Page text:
Warmer water temperatures, reduced ability to fight illness, pathogens passed on from shellfish – it’s not quite clear which of these, or maybe which combination is raging through the sea star populations of the United States West Coast. But the fact is that millions of sea stars from Alaska to Mexico are wasting away, suddenly and across a number of different species.
Sea stars feed on shellfish, and are apex predators of marine coastal environments – when they suffer, the entire ecosystem is affected. Many of the sea star species affected are endemic to their small regions; they aren’t found anywhere else in the world.
It’s not the first die-off that’s been observed among sea stars, but it’s by the far the largest in terms of geographical area and number of species affected. If the juvenile sea stars can manage to develop immunity to the current illness that is wiping out the adults, the populations will have a chance of eventual recovery. Researchers and citizen scientists up and down the coast observe, record and try to figure out the exact causes of what’s been labelled the sea star wasting syndrome.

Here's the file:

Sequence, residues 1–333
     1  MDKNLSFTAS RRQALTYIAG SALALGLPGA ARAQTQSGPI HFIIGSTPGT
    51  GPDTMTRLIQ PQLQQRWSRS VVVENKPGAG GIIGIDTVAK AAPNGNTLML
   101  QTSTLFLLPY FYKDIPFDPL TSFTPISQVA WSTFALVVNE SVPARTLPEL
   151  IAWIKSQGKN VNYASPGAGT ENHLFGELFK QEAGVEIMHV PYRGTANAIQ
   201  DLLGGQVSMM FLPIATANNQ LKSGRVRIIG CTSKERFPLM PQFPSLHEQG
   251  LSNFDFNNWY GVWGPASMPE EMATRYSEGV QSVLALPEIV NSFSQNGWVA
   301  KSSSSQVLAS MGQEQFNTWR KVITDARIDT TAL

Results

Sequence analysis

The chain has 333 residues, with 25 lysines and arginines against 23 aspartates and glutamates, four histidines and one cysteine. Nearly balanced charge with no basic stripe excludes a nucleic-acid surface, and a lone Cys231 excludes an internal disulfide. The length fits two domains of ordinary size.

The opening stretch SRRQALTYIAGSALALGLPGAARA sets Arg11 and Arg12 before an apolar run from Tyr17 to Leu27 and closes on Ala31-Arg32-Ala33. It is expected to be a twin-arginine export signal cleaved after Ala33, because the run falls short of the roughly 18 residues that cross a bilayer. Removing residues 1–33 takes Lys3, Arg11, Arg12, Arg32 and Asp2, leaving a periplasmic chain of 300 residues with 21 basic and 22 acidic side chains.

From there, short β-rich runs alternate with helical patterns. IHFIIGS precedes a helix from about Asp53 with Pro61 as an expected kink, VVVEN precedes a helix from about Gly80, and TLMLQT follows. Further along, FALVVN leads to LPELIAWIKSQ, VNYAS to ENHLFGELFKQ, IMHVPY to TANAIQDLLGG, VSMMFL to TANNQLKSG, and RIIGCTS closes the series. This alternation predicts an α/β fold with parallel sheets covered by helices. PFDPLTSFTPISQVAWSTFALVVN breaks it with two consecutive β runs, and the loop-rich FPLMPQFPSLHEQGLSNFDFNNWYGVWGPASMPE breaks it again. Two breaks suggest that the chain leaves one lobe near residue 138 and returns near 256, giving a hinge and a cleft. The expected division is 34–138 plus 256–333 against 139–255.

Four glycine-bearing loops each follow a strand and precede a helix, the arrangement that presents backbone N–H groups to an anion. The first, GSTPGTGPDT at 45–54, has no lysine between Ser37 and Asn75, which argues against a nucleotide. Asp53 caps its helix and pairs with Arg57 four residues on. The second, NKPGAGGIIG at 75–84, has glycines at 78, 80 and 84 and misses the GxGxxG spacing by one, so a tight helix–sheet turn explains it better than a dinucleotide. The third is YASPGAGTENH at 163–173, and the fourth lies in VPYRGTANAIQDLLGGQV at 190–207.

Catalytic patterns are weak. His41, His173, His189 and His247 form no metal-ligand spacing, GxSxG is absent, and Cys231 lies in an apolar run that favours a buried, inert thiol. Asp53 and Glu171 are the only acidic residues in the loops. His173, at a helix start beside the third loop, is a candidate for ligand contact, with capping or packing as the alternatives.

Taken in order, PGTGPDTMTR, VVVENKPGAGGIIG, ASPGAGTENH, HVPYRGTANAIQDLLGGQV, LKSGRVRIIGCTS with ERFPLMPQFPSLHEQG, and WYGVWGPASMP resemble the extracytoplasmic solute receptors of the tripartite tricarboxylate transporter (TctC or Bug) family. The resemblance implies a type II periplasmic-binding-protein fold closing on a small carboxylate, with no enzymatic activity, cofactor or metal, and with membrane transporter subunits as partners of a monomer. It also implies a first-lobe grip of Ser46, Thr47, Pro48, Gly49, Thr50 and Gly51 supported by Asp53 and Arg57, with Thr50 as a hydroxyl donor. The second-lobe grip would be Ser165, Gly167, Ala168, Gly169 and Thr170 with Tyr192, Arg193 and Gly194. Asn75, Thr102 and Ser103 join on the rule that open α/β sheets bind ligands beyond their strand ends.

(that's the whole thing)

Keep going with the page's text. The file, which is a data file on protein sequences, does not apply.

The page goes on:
When I was a kid, we had a salt water aquarium that included a couple of starfish, now more commonly known as sea stars. But we could never get it quite right, and the poor creatures kept making extremely ill-conceived attempts to escape by climbing out of the tank at night. All we could do was pick up their desiccated forms in the morning. We gave up when the seahorses started hurling themselves on to the carpet. We never did quite figure out exactly what we were doing wrong.
As for the Pacific coast, my hope is that the future holds more promise than an increase in the kind of science taking place around sea stars right now – the monitoring and understanding of an extinction in progress.